You know it took the

You know it took the Russians sending up a satellite for our parents to get off their duff and push for more math and science.

Chinese language should be

Chinese language should be offered considering China is the biggest foreign creditor to the United States.

As long as it stays on a 'by

As long as it stays on a 'by choice' basis. The way our board makes their decisions about schools, kids, assignments, etc., who knows?

It's an intriguing possibility

I think it's an intriguing idea, not sure how easily it would be to get an immersion program going.

This is purely anecdotal, When my oldest son was in kindergarten (different state), on the first day of school, there was a boy from France. Kid only spoke French. His mother instructed the teacher that she didn't want ESL for him, she wanted him to learn by being with only English speakers, (his fellow kindergarten students). By the end of the year, he spoke flawless English, with no French accent. It still amazes me 10 years later!

That reminds me of way back when, when I was in kindergarten. (Different state as well) A little boy from Mexico (his parents were illegal immigrants), started kindergarten with us. He could speak NO English as well. By the end of the year, he was a flawless English speaker. I'm still friends with him, btw. He's a very successful guy, as are his parents/siblings.

So there ya go, two anecdotal stories of success, that should be all WCPSS needs? ;)

I spend a lot of time

I spend a lot of time overseas and I was very worried about languages for my children. It is amazing to see the Dutch switch from language to language as they talk to people … no wonder they have always been a trading center ….

With that said, while in Japan, I expressed my concern to one of my executives who assured me that my kids were ok to have exposure to so few languages … she mentioned that English is the default language of business and my kids would not be at a serious disadvantage … but they would not be at an advantage either … in Japan, your ability to speak English clearly establishes how high you can be promoted ….. it is interesting to observe the Chinese and Japanese communicating in English because it is common to both groups which helps me…… given that English is being taught in China schools today which could make it the largest English speaking country in the world one day is ironic … also you may have noticed that the Chinese have suggested that the world move away from using the US dollar as the standard because of our financial mismanagement so English could go the same way one day … A few other comments … have you noticed the number of jobs saying being bi-lingual is an asset or that the US Government has many job opening for people who know other languages … so an option today may be a requirement tomorrow … finally, I think we are at a point in history where the US’s dominance may be on the decline and we will need to work with other people around the world and not be able to bully them around …. So speaking their language is a must ….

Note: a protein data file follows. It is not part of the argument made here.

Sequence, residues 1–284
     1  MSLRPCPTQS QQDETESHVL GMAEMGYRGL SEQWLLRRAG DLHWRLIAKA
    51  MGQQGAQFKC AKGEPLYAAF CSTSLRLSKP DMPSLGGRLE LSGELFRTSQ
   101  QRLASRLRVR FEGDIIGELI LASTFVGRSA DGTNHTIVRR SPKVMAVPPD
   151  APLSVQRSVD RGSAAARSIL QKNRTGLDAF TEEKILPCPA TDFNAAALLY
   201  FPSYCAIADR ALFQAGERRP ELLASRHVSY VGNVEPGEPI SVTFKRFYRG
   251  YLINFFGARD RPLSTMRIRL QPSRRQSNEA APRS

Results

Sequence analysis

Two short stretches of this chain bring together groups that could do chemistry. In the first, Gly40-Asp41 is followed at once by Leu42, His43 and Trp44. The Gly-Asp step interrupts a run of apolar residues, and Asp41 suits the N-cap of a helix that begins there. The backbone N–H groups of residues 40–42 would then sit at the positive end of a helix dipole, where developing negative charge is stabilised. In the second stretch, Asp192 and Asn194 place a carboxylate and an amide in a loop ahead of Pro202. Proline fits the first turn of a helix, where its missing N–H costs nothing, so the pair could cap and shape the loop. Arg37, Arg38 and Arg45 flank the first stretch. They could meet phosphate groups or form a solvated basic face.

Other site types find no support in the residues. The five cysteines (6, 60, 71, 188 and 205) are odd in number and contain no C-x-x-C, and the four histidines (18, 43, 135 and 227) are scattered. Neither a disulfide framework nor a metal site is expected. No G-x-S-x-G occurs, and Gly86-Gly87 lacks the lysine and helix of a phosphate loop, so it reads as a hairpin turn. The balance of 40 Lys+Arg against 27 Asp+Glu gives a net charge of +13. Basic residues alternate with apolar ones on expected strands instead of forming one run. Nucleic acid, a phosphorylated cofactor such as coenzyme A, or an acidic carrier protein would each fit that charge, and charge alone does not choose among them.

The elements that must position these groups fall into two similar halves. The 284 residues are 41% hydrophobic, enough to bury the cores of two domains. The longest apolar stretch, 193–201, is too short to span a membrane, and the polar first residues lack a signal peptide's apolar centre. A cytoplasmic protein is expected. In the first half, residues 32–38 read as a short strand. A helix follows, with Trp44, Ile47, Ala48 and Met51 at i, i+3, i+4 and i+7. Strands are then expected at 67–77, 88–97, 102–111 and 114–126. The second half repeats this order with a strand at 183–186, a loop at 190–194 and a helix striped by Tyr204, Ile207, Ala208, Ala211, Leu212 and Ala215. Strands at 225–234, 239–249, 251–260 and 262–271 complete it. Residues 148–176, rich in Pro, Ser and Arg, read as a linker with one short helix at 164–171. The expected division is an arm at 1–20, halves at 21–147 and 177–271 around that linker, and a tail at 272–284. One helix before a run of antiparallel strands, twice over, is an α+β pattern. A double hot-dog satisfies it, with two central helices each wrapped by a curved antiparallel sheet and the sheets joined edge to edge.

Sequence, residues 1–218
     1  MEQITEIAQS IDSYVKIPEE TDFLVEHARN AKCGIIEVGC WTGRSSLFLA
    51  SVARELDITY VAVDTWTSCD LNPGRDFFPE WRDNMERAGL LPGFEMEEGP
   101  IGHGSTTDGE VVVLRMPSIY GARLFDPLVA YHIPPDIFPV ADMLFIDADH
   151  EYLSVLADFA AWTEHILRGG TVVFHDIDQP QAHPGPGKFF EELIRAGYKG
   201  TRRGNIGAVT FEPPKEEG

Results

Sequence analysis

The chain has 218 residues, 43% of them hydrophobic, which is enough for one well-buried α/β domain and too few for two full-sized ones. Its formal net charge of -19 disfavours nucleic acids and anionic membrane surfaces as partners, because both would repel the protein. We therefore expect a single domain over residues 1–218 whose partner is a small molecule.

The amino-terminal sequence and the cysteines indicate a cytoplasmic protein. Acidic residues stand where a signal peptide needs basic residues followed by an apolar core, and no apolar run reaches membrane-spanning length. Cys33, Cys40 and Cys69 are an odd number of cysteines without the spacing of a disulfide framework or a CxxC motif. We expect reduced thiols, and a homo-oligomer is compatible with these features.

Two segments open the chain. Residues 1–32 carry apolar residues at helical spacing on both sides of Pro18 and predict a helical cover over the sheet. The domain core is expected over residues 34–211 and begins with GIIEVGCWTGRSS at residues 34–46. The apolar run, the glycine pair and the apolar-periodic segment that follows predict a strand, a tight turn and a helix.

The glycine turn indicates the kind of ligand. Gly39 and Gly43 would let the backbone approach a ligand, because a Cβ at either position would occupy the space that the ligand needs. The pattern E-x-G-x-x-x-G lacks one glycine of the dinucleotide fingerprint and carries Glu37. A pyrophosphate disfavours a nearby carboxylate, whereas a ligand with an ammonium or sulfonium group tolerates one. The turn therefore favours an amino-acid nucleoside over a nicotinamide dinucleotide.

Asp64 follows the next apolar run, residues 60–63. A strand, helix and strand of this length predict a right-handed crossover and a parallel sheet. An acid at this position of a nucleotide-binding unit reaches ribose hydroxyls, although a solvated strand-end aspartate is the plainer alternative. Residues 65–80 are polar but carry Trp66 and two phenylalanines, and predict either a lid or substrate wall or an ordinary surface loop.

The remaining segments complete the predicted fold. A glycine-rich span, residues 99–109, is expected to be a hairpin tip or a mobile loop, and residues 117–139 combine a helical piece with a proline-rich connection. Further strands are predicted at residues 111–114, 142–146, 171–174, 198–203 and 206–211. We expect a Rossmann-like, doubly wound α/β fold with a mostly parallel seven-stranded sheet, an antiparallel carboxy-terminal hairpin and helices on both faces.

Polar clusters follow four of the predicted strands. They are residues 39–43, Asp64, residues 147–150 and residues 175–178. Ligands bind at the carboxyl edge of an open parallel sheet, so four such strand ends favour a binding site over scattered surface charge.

So, better mastery of foreign languages would be an asset to students … but so would more challenging mathematics …. I would prefer language offerings be part of a comprehensive, long range plan to bring our kids to world standards and not be the “choice of the day” for the 2009 school year.

So by your logic, there is

So by your logic, there is absolutely no reason to have an immersion program in Spanish.  There is not one single major business country in the world that uses Spanish as the primary language.  If your goal is to work for the US gubment or US healthcare system, the maybe Spanish is necessary...what does that say?

My travels are all to Asia

My travels are all to Asia so I don't pay much attention to Spanish but I will say that Latin America is one of the fastest growing regions so Spanish would be a good language if you want to do import / export or open a branch in LA.

I would love to see an

I would love to see an immersion program in Wake County, although it will be too late for kids to use it. We were at Joyner for 4 years--the first of which was 'immersion'. We LOVED it and were very disappointed when they reduced the Spanish classroom time. Its still a great school, but I'd love to see an immersion program again.

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About the blogger

T. Keung Hui covers Wake schools.